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"Sister Amnesia's Country Western Nunsense Jamboree" cast
Wednesday, July 31, 2013
Theatergoers who don’t care for country music may change their minds after seeing “Sister Amnesia’s Country Western Nunsense Jamboree,” currently at Attic Productions in Fincastle.
The show is playwright Dan Goggin’s sequel to his very successful “Nunsense.”
It is a celebration centered on Sister Amnesia, a wacky, childlike nun who, in “Nunsense,” lost her memory when a crucifix fell on her head. In “Jamboree” her memory returns and she learns she is Sister Mary Paul, a former country singer. The “Jamboree’s” premise is that it’s a promotional tour for Sister Mary Paul’s newly released album, “I Could’ve Gone to Nashville.” The show is a delightful evening’s romp for the audience.
The dialogue is filled with hilarious one-liners that at times get cutely risque, adding to the fun because they come from the nuns and a priest. In addition, some of the witty remarks and short jokes take gentle pot shots at the church and religion in general.
The comic tunes are infectious. Two are most notable: “We know that somewhere up in heaven you’re a saint, Patsy Cline!” and “Mini-Pearls of Wisdom.”
As a tribute to Patsy Cline, the former song is an audience sing-along number.
“Mini-Pearls of Wisdom” is an accolade to country icon Minnie Pearl done a cappella by Sisters Amnesia and Wilhelm and Father Virgil, played by Celie Holmes, Carolyn Zeigler and Cory Mitchell respectively. The trio does an extraordinary job with harmony.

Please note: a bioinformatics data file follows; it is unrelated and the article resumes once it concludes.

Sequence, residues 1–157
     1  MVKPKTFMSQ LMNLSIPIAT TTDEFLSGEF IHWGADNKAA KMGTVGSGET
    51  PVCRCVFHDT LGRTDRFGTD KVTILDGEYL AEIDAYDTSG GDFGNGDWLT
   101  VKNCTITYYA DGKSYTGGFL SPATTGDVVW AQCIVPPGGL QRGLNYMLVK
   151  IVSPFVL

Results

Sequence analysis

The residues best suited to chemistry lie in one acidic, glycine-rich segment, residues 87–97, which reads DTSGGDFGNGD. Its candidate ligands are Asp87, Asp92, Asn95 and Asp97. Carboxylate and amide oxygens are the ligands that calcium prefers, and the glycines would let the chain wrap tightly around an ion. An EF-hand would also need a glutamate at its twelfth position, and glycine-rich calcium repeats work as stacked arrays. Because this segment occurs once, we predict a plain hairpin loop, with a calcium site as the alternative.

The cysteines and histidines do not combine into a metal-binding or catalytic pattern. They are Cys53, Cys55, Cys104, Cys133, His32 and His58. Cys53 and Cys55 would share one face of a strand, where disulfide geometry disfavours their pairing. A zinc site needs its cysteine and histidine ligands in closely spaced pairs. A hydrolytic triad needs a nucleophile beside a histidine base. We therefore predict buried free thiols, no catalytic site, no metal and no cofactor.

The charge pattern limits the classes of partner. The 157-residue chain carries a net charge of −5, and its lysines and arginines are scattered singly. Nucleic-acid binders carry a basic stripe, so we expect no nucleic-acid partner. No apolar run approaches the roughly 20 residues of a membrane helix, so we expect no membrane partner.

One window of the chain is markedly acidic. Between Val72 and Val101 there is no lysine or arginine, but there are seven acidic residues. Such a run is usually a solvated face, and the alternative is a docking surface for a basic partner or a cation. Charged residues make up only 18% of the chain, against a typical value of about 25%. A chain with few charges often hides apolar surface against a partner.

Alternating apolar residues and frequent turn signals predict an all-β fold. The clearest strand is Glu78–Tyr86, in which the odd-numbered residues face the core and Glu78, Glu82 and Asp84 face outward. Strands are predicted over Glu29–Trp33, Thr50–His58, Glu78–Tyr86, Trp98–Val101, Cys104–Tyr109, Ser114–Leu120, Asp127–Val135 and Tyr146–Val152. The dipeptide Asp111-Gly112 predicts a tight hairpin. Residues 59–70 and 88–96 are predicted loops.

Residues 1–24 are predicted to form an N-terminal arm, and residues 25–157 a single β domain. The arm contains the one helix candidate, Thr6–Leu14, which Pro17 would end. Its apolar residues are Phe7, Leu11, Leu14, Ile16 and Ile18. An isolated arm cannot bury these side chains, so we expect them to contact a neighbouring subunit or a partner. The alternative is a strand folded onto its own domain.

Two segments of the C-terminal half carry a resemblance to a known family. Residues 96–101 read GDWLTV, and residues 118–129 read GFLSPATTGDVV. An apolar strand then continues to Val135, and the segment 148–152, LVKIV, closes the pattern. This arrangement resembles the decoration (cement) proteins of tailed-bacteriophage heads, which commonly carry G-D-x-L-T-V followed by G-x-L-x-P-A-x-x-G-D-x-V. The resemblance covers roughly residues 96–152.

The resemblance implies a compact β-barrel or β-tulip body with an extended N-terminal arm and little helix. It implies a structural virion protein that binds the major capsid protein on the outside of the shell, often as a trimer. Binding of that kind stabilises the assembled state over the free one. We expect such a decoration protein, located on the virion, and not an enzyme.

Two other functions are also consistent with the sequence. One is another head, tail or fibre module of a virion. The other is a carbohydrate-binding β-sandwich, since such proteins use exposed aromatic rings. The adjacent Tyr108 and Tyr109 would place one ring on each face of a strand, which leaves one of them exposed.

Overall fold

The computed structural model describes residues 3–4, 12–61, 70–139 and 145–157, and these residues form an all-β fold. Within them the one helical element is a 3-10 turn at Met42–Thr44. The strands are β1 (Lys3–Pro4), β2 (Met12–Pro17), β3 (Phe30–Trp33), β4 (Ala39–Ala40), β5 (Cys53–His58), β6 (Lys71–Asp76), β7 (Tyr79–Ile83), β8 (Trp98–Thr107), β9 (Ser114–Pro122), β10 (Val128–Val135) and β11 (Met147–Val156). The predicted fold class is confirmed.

The audience is not only invited to sing along but also to participate in an uproarious country auction and an entertaining survey by Sister Amnesia, played to perfection by Holmes.
Gracie Moore, an accomplished choreographer, created the dances for the songs. Katherine Lawson, a seasoned 13-year-old performer who also plays Sister Julia Andrews, put together the other sequences and movements. The choreography is brilliant in that it is minimal for the small stage at Attic but executed in such a way that the dances appear large — a neat trick for an amateur troupe.
All the women have fine voices and Father Virgil, the lone male character, shows exceptional range in his solos and with the women in harmony. The four-person orchestra stayed with the singers at all times, although being enclosed in the single unchanging set meant its sound was frequently muffled.
This is an outstanding production and well worth the drive to the theater just south of Fincastle, nestled in a grove of trees.
With productions like “Jamboree,” one could make a habit of Attic . (Pun intended!)
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